Investigators suspect foul play in the disappearance of a soldier who was last seen at a Texas Army base more than two months ago, a congresswoman confirmed on June 23.
Rep. Sylvia Garcia (D-Texas) confirmed Tuesday that the disappearance of Vanessa Guillen, 20, is being treated as a criminal investigation.
Guillen, who was stationed at Fort Hood, disappeared on April 22 at 1 p.m. in the parking lot on the base. She was last seen wearing a black T-shirt and purple workout pants.
“We don’t want just attention. We want action. We want answers,” Garcia said Tuesday at a news conference with the soldier’s family. “We’ve got to remember that this is a family that is hurting.”
The briefing was held by Garcia, members of Guillen’s family, and their attorney, Natalie Khawam, to discuss the investigation into the 20-year-old’s disappearance.
Family members told Army leaders during the news conference that Guillen had told them that her superiors had sexually harassed her. One walked into the shower while she was naked, they said.
Khawam said the 20-year-old feared retaliation, so did not report the harassment.
“She did report that to her family and to her friends,” Khawam told reporters during the briefing that was live streamed on social media. “We suspect it’s the same person who was her supervisor that same day after she went missing.”
The attorney said Fort Hood officials have not yet disclosed the identity of the supervisor who was working that day.
“They have now used the words foul play,” Garcia said. “They are convinced now that there is foul play involved and they’re following all the leads that they can.”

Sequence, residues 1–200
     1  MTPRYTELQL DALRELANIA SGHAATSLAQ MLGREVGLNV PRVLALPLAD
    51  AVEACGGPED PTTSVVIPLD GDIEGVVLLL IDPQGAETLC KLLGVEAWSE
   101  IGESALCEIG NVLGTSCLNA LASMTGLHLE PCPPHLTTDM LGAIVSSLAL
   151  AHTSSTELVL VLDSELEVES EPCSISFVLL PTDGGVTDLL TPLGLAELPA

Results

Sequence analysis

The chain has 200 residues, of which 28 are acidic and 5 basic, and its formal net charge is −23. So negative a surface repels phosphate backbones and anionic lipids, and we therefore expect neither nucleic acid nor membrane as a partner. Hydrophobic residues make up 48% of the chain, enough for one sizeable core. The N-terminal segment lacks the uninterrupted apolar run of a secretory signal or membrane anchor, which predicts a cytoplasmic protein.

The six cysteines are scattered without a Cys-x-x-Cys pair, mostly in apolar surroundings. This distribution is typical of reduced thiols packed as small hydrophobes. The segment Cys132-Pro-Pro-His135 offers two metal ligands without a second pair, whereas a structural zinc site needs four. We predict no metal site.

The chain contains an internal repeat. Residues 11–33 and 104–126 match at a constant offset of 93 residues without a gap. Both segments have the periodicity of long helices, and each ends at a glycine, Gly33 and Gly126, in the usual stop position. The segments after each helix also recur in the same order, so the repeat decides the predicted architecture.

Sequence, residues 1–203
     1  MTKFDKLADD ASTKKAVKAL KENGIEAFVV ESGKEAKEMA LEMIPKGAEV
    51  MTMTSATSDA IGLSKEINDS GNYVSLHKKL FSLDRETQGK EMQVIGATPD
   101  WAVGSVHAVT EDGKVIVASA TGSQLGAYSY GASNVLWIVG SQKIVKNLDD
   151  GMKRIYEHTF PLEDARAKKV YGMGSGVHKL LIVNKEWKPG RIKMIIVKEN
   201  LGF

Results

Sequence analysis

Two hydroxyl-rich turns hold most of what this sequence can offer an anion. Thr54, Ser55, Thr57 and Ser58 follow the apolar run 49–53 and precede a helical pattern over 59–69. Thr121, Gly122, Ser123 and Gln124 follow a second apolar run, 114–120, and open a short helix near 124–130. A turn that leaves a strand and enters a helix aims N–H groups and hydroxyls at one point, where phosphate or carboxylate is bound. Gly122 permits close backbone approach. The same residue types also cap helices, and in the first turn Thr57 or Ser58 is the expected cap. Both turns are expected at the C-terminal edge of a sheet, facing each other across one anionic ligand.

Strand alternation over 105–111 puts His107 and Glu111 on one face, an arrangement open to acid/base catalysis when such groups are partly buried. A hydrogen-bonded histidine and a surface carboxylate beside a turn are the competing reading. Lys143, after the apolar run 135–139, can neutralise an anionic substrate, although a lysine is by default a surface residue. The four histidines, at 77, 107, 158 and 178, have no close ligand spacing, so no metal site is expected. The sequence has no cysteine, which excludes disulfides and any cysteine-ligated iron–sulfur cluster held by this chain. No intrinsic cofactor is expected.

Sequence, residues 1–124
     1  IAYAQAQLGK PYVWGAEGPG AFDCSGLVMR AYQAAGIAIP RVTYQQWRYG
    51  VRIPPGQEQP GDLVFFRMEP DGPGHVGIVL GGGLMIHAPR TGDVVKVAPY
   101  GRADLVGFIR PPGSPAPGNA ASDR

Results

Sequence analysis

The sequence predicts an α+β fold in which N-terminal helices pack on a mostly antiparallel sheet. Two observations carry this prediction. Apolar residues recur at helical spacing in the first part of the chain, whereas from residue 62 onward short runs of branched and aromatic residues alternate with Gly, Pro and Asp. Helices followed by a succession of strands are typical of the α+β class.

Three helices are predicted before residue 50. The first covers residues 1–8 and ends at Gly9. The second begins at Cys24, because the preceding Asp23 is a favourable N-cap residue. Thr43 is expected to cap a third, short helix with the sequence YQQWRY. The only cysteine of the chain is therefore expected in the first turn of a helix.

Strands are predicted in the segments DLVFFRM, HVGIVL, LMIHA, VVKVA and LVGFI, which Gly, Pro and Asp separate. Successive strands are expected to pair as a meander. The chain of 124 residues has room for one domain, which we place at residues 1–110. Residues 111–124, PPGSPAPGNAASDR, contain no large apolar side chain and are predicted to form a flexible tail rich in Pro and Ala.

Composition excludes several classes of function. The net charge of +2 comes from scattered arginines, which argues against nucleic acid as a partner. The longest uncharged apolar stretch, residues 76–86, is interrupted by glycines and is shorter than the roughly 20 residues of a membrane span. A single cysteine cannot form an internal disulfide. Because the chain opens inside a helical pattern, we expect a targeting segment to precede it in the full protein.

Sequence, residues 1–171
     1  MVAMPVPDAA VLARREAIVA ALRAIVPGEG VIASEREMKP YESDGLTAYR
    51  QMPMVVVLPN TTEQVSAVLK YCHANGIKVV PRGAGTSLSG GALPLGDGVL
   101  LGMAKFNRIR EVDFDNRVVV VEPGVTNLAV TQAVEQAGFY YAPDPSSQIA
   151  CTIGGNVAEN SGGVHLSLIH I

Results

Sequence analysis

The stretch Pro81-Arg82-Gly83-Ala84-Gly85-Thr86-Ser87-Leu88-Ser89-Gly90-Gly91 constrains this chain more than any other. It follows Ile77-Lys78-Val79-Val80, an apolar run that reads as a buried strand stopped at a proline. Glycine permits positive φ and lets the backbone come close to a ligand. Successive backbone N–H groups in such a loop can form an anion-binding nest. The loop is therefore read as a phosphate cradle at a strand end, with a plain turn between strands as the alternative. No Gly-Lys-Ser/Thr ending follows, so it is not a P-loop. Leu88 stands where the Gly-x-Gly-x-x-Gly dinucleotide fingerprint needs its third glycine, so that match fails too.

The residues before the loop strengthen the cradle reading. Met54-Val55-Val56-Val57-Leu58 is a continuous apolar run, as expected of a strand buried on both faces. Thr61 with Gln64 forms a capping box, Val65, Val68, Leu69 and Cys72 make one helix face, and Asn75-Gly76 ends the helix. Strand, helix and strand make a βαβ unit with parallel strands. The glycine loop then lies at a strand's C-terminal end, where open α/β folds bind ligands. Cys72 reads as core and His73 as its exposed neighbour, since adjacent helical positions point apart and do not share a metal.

As we all grieve the loss of one Soldier, someone out there can help us not to have to grieve for another. If you have information as to the whereabouts of Vanessa Guillen, call 254-495-7767#FortHood #USArmy #FindVanessa #FindVanessaGuillen pic.twitter.com/BCTIS9wpia
— Fort Hood (@forthood) June 21, 2020
The family’s attorney called on Congress to probe the handling of Guillen’s case, because Army investigators have failed to disclose any other detail apart from the time of the soldier’s last known contact—11:30 a.m., based on phone records.
“There’s something extremely troubling about this case,” Khawam told KHOU-TV on Monday.
“A military base is probably one of the most secure places you can be. You have ID check-ins. There are security cameras everywhere.”
“There’s so many gaps and holes in what we learned today that I am going to demand a congressional investigation,” Khawam told reporters Tuesday. “For this family, we want to know what happened and who is covering up to who and why are they covering up.”
Guillen, a member of the 3rd Cavalry Regiment, is described as a female of Hispanic descent, 5 feet, 2 inches tall, 126 pounds, and she has black hair and brown eyes. On the day of her disappearance, investigators said her car keys, barracks room key, ID card, and wallet were found in the armory room where she’d been working earlier.
Search teams on Monday scoured the Leon River after investigators received a tip, but they didn’t discover anything.
“One of Vanessa’s dreams has always been to join the U.S. Army,” Garcia told reporters. “Now we’re dealing with a tragedy. A tragedy that involves Vanessa being missing two months now.”
“I demand justice and I demand their respect and that they respect my daughter as a soldier,” Guillen’s mother, Gloria Guillen, said in Spanish Tuesday. “She enlisted for her country and to protect us. And now that she needs us, we need to support her and find her.”
Last week, Army investigators increased the reward for information that leads to the whereabouts about the 20-year-old. The reward is now $25,000, the U.S. Army Criminal Investigation Command said on June 15. The League of United Latin American Citizens is also contributing $25,000 to fund the reward, making the combined reward $50,000.
Anyone with information about her whereabouts should contact Army CID Special Agents at 254-495-7767 or the Military Police Desk at (254) 287-4001. Anonymous tips can be submitted using the command’s website.
Jack Phillips and The Associated Press contributed to this report.